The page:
Pandemic exposes 'digital divide' as schools, workplaces close
As the coronavirus pandemic forces the closing of more schools and workplaces, the health crisis has exposed the "digital divide" which allows some to stay on task remotely, with others left out.
A growing number of students from grade school to university are moving to virtual classrooms, and while millions of office workers are being asked to work from home as a result of the expanding public health emergency.
But a lack of adequate online access will make it difficult if not impossible for the digital "have nots" to keep up with their peers, highlighting the need for ways to bring more people up to speed.
A 2019 Pew Research Center survey found 73 percent of American adults had high-speed internet access at home but the figure is lower—63 percent for those in rural areas.
For low-income families the situation is more dire: census figures show as many as half the households in major US cities with incomes under $35,000 annually lack home internet access.
"As companies & schools consider telework options, one thing to note is that access to tech is still correlated to a number of factors—including household income," tweeted Monica Anderson, associate director of internet research for Pew.
Federal Communications Commission member Jessica Rosenworcel told at a congressional hearing this week the coronavirus outbreak should make digital inclusion a priority.
"I think it's time for the FCC to talk about coronavirus disruption and how technology can help," she said.
"Nationwide we are going to explore the expansion of telework, telehealth and tele-education. In the process, we are going to expose hard truths about the digital divide. The FCC should be convening broadband providers right now to prepare."
She urged the agency to use more of its "universal service" funds for quarantined patients and Wi-Fi hotspots for students whose schools have closed.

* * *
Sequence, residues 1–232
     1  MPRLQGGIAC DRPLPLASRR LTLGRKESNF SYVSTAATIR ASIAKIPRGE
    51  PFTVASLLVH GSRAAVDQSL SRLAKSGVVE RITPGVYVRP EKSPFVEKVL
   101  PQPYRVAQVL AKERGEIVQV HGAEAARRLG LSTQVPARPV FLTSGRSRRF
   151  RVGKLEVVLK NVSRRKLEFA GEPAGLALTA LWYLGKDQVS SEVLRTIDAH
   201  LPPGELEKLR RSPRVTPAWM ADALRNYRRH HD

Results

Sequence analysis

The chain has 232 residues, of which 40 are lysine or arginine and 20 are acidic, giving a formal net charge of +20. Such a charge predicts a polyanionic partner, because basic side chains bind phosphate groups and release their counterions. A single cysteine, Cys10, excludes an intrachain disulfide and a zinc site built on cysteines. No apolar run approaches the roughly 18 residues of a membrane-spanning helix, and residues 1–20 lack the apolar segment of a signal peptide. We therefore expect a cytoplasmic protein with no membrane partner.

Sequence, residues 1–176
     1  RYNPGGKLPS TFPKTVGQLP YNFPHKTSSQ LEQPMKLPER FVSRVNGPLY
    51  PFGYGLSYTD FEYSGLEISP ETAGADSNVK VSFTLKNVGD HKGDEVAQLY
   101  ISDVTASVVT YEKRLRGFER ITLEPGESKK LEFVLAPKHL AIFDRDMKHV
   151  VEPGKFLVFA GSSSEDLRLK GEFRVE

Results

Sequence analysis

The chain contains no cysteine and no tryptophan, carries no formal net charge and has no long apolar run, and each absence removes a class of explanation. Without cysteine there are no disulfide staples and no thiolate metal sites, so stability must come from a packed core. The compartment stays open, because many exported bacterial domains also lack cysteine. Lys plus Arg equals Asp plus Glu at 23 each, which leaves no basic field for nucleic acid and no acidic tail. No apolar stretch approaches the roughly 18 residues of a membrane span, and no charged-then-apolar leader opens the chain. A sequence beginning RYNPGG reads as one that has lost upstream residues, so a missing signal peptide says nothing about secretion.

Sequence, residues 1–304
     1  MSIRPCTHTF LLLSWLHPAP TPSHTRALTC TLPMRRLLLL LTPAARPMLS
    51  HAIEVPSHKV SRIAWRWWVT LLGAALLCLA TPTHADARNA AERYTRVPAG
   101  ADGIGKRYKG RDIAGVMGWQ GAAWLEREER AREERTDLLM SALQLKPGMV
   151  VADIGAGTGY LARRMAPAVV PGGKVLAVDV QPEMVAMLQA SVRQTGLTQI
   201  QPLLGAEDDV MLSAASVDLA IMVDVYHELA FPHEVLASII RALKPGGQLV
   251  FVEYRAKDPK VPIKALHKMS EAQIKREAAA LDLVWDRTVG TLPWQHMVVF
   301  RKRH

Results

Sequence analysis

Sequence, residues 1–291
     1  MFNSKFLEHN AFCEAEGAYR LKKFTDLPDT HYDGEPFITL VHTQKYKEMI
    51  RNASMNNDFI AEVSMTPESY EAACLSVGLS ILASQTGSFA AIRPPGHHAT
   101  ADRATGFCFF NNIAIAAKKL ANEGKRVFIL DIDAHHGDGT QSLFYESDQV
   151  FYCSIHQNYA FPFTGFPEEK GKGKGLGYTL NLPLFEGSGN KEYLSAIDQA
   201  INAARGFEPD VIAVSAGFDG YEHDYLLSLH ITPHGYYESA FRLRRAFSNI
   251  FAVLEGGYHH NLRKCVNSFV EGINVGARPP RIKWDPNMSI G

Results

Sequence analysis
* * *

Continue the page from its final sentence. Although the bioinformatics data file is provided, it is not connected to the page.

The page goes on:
Another FCC commissioner, Geoffrey Starks, called for a "connectivity and economic stimulus" plan to help boost hotspots at schools and libraries.
The closing of schools has the potential to exacerbate existing inequalities in the education system, some analysts say.
"Students who do not have access to the internet from home or are dependent on a cell phone for access perform lower on a range of metrics, including digital skills, homework completion, and grade point average," said a Michigan State University study released this month.
"They are also less likely to intend on attending college or university. A deficit in digital skills compounds many of the inequalities in access and contributes to students performing lower on standardized tests."
Major American universities—including Harvard, Princeton and Columbia—have been forced to cancel classes because of the coronavirus and move lessons online, affecting tens of thousands of students.
DePaul University professor Ben Epstein fretted that the online move could hurt many students.
"There are a ton of students that rely on computer labs & campus wifi for access," he tweeted.
Berea College, which offers free tuition to all enrolled students, made a decision to close instead of moving online.
"A lot of people are criticizing us for closing instead of going online," Berea faculty member Silas House said on Twitter.
"Those people don't seem to understand that not everyone has the same amenities as them. A lot of students don't have WiFi access."
Telemedicine, if you have access
Telemedicine is being encouraged as part of emergency legislation passed by Congress, but this may not reach some with the greatest needs if they lack internet access.
A 2018 Federal Reserve report noted that "broadband infrastructure and access gaps, particularly in low- and moderate-income and rural communities, are barriers to unleashing telehealth's full potential."
Economics is one factor, but some research has also shown lower rates of technology adoption by older adults.
The crisis could, however, generate momentum for efforts to expand digital access and bridge the divide, some analysts say.
"It's both a challenge and an opportunity," said Ramayya Krishnan, who heads the Carnegie Mellon University Center for Technology and Society.
Krishnan noted that students and employees may not be able to participate in online classes and meetings but that "it gives us an opportunity to make things happen."
© 2020 AFP